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Update, March 18: A mobile unit is also being up at Northeast Georgia Medical Center Braselton. Other details will be released later.
Previous story: A mobile unit is being set up at Northeast Georgia Medical Center in Gainesville to assist in the response to COVID-19 in our community and local hospital officials are urging people to stay home.
The unit, which the hospital received from the Georgia Department of Public Health, will provide for about 15 to 30 treatment spaces, according to Northeast Georgia Health System director of public relations Sean Couch. There is not yet a timeline for when it will be in operation nor information about exactly how it will be used.
Hall County as of noon Tuesday had just one case of COVID-19. Numbers coming from DPH are tallied by residence of the patient. The health system is currently treating two patients at its Braselton location.
Dr. Shravan Kethireddy, NGMC medical director of critical care, said the spread of infectious diseases is measured by the doubling rates of the disease, which show the effectiveness of quarantining measures.
National recommendations advise older residents to stay at home and all people to avoid gatherings of more than 10 people and activities such as going to bars and restaurants.
What to do if you get sick
Call your doctor: If you think you have been exposed to COVID-19 and develop a fever and symptoms, such as cough or difficulty breathing, call your healthcare provider for medical advice.
If you are at higher risk: Older adults and people who have severe underlying chronic medical conditions like heart or lung disease or diabetes should contact their healthcare provider early, even if their illness is mild.
If you are very ill: If you develop emergency warning signs for COVID-19 get medical attention immediately. Emergency warning signs include: Difficulty breathing or shortness of breath, persistent pain or pressure in the chest, confusion or inability to wake, bluish lips or face
Can NGHS test? NGHS has the ability at some locations. Call your doctor’s office or urgent care clinic first. NGHS also has an E-Visit specific to the Coronavirus at www.ngpg.org/evisit-info.
“By quarantining over the next many weeks, the fruits of that effort will be seen with a reduction in the doubling rate over the next months,” Kethireddy said. “But if we do not adhere to it, you’ll continue to see an exponential rate of rise.”
Preventing the spread of coronavirus is not the sole responsibility of people who are already infected, Kethireddy said.
“We know that the numbers of people will increase, but we want to be prepared so that people can have safe care and that we are doing it in the most sophisticated and efficient manner possible,” he said. “But I can’t stress enough that focusing on individual people that have infections is really just looking at the surface of this ... It really is not helping the community understand that their job in this is to stay at home.”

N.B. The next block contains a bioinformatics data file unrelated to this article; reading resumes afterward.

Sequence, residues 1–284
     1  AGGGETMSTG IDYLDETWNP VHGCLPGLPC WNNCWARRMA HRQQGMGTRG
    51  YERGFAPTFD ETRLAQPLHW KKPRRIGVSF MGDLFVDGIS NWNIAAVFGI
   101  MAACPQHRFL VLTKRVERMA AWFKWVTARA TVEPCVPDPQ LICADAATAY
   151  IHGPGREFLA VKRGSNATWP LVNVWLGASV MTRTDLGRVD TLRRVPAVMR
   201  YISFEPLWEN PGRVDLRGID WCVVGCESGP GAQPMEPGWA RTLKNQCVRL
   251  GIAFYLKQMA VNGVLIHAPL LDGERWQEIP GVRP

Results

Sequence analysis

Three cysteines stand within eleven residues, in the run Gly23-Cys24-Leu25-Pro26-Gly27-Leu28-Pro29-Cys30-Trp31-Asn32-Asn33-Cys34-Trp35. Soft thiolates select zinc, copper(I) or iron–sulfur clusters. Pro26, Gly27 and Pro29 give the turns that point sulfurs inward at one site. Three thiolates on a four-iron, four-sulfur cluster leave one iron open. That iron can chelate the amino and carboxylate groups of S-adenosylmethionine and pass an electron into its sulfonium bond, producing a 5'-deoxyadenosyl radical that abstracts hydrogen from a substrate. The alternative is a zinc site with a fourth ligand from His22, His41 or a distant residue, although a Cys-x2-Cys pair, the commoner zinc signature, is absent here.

Kethireddy said quarantining can be a “double-edged sword” as people have to make difficult decisions about their jobs and deal with the financial impacts of missing work. But Hall County is in a position to slow the spread, he said.
“Unlike maybe places like Atlanta, where the density is very high, Hall County still has an opportunity to impact that doubling rate,” Kethireddy said.
Dr. Mohak Dave, chief of emergency medicine, said the hospital has not seen a large influx of patients but some are coming to the hospital with concerns and questions.
“The volumes have been steady over the last couple weeks and manageable. What we are seeing is a higher portion of ‘worried well’ who are presenting for evaluation and or testing for coronavirus,” Dave said. “Our guidance to them and to the general population is, unless you feel like you have a life-threatening emergency medical condition such as shortness of breath, high fever, uncontrolled vomiting, etcetera, you will do yourself as a patient as well as other people around you and the community better if you stay at home.”
Couch said that while the system is able to test for the virus, NGHS is prioritizing testing for patients over the age of 60, those with chronic medical conditions, pregnant women, hospitalized patients, first responders, health care workers with mild signs and symptoms, and patients in illness clusters in facilities or institutions such as schools, shelters or correctional institutions.
Tests in the state are still limited. Gov. Brian Kemp said Saturday the state can process 100 per day, and he hopes to double that by the end of this week.
Dave said the hospital has contingency plans in place for an expected surge in patients, but the virus presents a challenge.
“Like any other community in the country, our concern is that in a pandemic situation, that resources will become limited,” Dave said.
Raising awareness about how to reduce the spread of the virus can help ensure the hospital has resources to treat the patients who need it most, Dave said.
Those with emergencies should not hesitate to seek medical care at any of the health system’s facilities, Couch said.
Editor in Chief Shannon Casas contributed.